Going Nowhere: Boston by Way of Bus

The MBTA bus system has been long-neglected and advocates say poor and black riders have been hurt the most. Some call it a civil rights issue and say changes must come fast.

13 photos
Mark Garfinkel
Ninety-two percent of MBTA bus stops do not have shelters.
Mark Garfinkel
A study by the public Metropolitan Area Planning Council found black MBTA bus riders spend 64 hours a year longer on the bus than white MBTA bus riders. That’s a week-and-a-half of work.
Mark Garfinkel
Advocates say routes that serve mostly poor and black neighborhoods are less reliable and come less frequently
Mark Garfinkel
Last year, the MBTA launched the Better Bus Project aiming to fix the ailing system.
Alicia Bowman
Viewer Alicia Bowman says people wait up to 20-30 minutes for the #60 bus in Chestnut Hill. Many of the riders are seniors and the stop has no shelter or a place to sit.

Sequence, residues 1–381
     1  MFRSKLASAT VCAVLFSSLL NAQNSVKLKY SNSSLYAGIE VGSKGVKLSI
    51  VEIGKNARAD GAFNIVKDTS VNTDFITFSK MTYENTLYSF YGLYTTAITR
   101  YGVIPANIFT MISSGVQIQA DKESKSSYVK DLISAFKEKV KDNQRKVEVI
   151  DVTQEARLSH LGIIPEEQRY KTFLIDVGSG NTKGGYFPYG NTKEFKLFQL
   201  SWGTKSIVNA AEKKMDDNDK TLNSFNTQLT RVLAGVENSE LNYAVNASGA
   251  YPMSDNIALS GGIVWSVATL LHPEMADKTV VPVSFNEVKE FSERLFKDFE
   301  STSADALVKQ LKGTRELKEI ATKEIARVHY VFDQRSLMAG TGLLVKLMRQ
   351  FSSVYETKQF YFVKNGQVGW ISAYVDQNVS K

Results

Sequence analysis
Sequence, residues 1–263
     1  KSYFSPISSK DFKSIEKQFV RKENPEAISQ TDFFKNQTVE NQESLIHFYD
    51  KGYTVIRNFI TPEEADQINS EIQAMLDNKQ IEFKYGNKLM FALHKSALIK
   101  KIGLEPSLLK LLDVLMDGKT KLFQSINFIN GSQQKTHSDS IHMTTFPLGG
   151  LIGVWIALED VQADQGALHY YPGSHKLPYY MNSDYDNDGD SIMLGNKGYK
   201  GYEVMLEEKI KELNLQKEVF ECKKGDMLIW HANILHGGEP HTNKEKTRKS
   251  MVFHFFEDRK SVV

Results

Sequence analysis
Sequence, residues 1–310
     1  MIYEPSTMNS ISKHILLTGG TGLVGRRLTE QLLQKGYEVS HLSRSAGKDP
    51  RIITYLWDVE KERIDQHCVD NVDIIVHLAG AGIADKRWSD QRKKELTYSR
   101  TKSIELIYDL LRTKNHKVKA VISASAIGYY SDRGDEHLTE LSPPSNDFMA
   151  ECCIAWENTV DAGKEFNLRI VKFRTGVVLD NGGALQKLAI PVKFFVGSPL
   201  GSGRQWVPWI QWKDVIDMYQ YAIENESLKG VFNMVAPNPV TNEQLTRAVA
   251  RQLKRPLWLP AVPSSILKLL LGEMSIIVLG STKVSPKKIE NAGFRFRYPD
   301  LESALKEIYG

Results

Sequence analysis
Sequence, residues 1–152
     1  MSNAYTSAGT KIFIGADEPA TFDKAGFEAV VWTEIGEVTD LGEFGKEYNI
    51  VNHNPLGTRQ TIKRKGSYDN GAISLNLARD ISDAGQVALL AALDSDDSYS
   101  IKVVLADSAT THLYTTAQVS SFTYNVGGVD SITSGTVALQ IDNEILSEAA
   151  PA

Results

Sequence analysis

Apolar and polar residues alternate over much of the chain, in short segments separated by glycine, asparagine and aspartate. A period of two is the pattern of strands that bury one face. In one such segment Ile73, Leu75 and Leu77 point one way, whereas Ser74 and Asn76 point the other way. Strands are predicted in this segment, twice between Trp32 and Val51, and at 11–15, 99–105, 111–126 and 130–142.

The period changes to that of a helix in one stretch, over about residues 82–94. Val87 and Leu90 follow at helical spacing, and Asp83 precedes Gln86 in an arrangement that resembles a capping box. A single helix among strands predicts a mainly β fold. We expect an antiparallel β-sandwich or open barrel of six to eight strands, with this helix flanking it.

Brendan Kearney
Brendan Kearney says the 70/70a often gets stuck in, "SO MUCH traffic" crossing the Charles. Kearney now takes the 71 bus which is, "faster and reliable."
One viewer says it's a challenge for parents to take multiple modes of transportation with children.
Some people park in bus lanes making it difficult for operators and commuters.
One viewer says the #77 near Porter Square, "never arrives on time."
Jim Sestito
MBTA bus riders are frustrated with no dedicated bus lanes, resulting in longer commutes.
Commuters are unhappy with long wait times.
Sarah Aspinwall
Viewer Sarah Aspinwall shared her frustration with the #39 bus during commuting hours. She says that passengers must cross stopped traffic in order to get on and off the bus.
Alexander Frieden
Bus bunching in Central Square after riders waited 20 minutes for the bus.
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